The rule will cost the Federal government the time it will take Coast Guard personnel to review ballast water management record information. The Coast Guard will add 30 E-5 billets to verify compliance and collect the information this rule will require. Commandant Instruction 7310.1E states that the hourly cost for an E-1 to E-5 range billet is $15 per hour. This translates to a yearly cost of $31,200 per billet (2080 × $15=$31,200). Therefore, the cost of 30 billets will equal $936,000 ($31,200 × 30=$936,000). We estimate that the total cost to the Coast Guard to collect and send the appropriate paperwork to the National Ballast Water Information Clearinghouse (NBIC) is $75,000. The total annual cost was calculated as illustrated in the following equation:
30 [billets] × $2,500 [administrative costs]=$75,000
The Coast Guard will also allocate $450,000 per year to the NBIC. The NBIC will provide analysis, synthesis, and interpretation of data collected under the Act. Therefore, the total government cost of this rule is $1,311,000 annually. The total government cost was calculated as illustrated in the following equation:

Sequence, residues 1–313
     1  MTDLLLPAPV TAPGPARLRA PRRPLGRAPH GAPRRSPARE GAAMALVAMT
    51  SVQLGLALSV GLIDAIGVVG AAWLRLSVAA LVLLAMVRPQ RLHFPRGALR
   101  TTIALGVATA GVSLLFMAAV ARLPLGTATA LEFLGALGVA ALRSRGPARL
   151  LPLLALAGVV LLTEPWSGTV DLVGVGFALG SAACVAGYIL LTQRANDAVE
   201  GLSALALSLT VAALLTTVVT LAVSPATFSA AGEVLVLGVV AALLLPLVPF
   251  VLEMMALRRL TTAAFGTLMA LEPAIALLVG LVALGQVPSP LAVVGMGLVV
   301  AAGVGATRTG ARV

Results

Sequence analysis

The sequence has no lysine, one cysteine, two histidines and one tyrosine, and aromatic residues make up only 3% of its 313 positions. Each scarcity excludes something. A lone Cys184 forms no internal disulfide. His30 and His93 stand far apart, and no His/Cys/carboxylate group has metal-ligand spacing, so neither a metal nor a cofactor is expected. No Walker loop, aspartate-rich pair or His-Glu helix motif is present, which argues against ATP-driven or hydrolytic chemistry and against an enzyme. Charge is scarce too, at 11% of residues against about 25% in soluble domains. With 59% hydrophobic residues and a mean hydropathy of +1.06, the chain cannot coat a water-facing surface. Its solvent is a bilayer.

$936,000 + $450,000 + $75,000=$1,461,000
Summary of Benefits
This rule is the next step in an ongoing effort to reduce the numbers of non-indigenous species invading the waters of the United States.
According to the U.S. Congress' Office of Technology Assessment, “Harmful Non-Indigenous Species in the United States,” the economic impact on the United States from introductions of non-indigenous species has exceeded several billion dollars through—
- Efforts to prevent and reduce further infestations;
- Repairs of damage to various infrastructures; and
- Lost revenues.
For example, the Great Lakes Fishery Commission estimates the European Ruffe, a fish that entered the Great Lakes via expelled ballast water in the early 1980's, could cause annual losses of $90 million if it is not controlled.